Weekend Report #1 – Week 1 Spring Regionals, Foriegn Nationals, and Dual Types
This is a new article series that I am writing called “Weekend Report”, which will most likely end up being an every week column that looks at the happenings within the competitive Pokemon TCG community. I may not write these during dead periods when nothing is happening in the community, but the plan is for there to be a new one every Monday whenever a tournament series is in progress.
This article series’ primary purpose will be to look at the happenings of the competitive Pokemon TCG community to keep players up to date with who has been winning tournaments and what they have been using to win those tournaments. Additionally, this will in a more minor role cover news that will affect competitive Pokemon TCG play or be of great interest to players.
This past weekend was a busy one for Pokemon players as the first week of 2016 Spring Regional Championships started in North America and National Championships have begun in Europe. Additionally dual type Pokemon will be re-introduced into the Pokemon TCG.
Spring Regional Championships Begin
The 2016 Spring Regional Championships series in North America has begun with Week 1 being completed this past weekend. Here is a list of all of the Spring Regional Championships:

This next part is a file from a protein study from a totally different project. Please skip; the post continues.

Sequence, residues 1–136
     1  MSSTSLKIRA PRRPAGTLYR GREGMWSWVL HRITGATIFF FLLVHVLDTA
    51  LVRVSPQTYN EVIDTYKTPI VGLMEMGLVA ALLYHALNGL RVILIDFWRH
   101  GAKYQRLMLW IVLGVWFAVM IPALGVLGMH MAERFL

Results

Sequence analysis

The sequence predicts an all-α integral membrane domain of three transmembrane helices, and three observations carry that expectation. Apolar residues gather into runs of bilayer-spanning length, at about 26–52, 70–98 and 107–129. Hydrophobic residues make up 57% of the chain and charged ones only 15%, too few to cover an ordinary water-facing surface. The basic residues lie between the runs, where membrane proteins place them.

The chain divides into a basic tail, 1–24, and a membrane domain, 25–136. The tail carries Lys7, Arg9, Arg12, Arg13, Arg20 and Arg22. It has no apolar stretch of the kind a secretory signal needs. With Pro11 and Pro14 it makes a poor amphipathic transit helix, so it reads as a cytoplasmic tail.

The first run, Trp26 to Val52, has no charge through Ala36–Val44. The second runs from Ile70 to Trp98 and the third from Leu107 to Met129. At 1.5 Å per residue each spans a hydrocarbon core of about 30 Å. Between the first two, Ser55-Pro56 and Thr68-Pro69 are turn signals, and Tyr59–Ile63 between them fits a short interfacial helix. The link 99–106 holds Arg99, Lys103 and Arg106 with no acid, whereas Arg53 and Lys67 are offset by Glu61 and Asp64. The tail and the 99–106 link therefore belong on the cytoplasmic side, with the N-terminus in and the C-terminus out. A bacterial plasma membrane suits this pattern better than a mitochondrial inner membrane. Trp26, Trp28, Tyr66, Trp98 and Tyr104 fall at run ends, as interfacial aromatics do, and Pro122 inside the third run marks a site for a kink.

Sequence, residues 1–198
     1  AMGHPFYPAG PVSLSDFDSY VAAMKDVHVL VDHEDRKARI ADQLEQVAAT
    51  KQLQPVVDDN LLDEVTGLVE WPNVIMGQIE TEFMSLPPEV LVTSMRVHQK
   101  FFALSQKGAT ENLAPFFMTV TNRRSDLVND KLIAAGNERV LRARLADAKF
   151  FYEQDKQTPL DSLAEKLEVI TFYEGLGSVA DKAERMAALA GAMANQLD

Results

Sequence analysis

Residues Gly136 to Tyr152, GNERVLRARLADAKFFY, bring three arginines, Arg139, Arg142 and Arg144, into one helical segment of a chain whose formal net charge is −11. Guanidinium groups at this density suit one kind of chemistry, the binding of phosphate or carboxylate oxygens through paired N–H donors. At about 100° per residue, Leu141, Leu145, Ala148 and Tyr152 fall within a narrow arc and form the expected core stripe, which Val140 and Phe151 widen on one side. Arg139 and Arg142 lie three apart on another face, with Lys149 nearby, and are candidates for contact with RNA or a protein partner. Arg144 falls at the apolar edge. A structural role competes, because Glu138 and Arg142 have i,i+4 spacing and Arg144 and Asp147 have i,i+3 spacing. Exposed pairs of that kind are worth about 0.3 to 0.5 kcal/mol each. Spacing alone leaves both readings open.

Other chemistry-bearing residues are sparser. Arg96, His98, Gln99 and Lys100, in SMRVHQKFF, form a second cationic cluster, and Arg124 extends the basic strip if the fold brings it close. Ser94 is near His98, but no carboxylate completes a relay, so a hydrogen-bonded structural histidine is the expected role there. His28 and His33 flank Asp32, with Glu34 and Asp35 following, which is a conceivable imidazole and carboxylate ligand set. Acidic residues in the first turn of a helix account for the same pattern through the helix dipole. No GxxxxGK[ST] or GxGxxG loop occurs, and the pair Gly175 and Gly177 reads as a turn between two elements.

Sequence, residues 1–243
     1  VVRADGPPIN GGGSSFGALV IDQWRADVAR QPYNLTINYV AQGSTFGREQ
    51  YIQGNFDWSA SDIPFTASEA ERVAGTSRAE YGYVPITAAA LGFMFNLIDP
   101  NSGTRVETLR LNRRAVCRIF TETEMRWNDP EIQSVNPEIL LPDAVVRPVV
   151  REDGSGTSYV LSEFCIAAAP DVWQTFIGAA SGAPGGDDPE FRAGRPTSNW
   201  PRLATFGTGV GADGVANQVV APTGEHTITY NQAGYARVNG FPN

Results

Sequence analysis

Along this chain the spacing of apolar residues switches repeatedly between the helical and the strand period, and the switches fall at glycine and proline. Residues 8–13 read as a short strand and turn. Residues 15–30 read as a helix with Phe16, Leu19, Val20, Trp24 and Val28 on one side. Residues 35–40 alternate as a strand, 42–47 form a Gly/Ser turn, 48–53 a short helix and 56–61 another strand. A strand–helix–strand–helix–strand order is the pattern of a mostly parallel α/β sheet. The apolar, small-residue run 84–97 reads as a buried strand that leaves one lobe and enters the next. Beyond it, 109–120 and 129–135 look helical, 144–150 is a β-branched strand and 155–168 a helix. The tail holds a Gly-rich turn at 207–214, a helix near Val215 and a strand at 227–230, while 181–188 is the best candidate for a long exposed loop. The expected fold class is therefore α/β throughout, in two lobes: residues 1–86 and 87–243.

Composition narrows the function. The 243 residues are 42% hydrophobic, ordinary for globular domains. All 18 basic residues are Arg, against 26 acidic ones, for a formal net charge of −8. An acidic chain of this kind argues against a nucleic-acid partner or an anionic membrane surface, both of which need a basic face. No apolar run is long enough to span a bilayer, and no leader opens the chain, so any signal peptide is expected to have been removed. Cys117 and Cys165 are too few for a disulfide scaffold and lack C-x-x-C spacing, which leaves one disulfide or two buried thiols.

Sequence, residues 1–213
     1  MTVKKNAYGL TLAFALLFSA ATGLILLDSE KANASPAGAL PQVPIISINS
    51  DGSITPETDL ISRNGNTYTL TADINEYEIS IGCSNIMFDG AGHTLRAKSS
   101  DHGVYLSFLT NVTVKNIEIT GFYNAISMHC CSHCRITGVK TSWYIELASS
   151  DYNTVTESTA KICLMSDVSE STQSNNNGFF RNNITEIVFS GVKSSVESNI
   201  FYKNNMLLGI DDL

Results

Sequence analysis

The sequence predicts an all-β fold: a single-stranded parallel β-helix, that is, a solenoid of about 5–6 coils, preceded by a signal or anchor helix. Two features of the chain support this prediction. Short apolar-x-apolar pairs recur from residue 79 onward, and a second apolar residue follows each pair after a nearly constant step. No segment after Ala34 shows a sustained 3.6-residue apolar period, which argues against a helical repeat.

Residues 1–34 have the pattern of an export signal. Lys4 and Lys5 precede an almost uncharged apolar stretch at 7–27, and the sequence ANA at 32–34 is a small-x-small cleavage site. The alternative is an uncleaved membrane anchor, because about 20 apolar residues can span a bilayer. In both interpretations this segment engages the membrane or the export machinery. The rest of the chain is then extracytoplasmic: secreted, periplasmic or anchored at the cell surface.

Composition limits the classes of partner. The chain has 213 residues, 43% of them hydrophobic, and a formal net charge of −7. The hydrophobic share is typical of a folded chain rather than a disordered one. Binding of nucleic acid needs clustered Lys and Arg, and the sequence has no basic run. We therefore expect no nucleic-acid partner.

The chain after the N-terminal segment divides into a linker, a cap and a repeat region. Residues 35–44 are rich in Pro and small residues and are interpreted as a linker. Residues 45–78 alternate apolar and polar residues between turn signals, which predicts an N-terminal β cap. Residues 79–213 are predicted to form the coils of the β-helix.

Kitchener, Ontario, Canada
Salt Lake City, Utah
Overland Park, Kansas
Edmonton, Alberta, Canada
You can find more information on Spring Regional Championships at Pokemon.com’s Spring Regional Championship page.
Spring Regional Championship Results
A new tournament series means that there are new tournament results. You can find the results for Spring Regional Championships on our Spring Regional results page.
Dark Dominated Expanded (Again)
Dark decks started right where they left off at the last set of Regional Championships as being the top decks. Yveltal EX variants were the most successful decks of Week 1 of Spring Regionals and Turbo Darkrai EX followed them in second place.
TJ Traquair took his Yveltal EX/Maxie’s deck to a first place finish at the Seattle Regional Championship. In the Top 8 he won a mirror match against Calvin Nordberg, then beat Travis Nunlist and his Trevenant BREAK deck in Top 4, and then took a shocking win over Eli Covitz and his Rainbow Road (Xerneas BKT) deck in the finals. This Maxie’s version of Yveltal EX really was the best deck from the Winter Regional Expanded format and it has continued to do well, even with the release of BREAKpoint.
This is actually the second Regional Championship that TJ has won this season. He won the Boston Open in August at the World Championship for his first Regional win of the season.
Here is the list that TJ played at Seattle Regional Championships:
Pokemon – 11
2 Yveltal EX
Trainers – 38
3 Professor Juniper
4 VS Seeker
2 Silent Lab
Energy – 11
via TJ Traquair on Virbank City Gym
For this weekend we tracked Top 16 results for both the Seattle and Ontario Regional Championships, not doing the entire Top 32 because these tournaments were smaller and did not feature Top 32, Day 2 Swiss. Of the 32 placements we tracked this weekend, Yveltal EX decks took 7 and Turbo Darkrai EX decks took 5.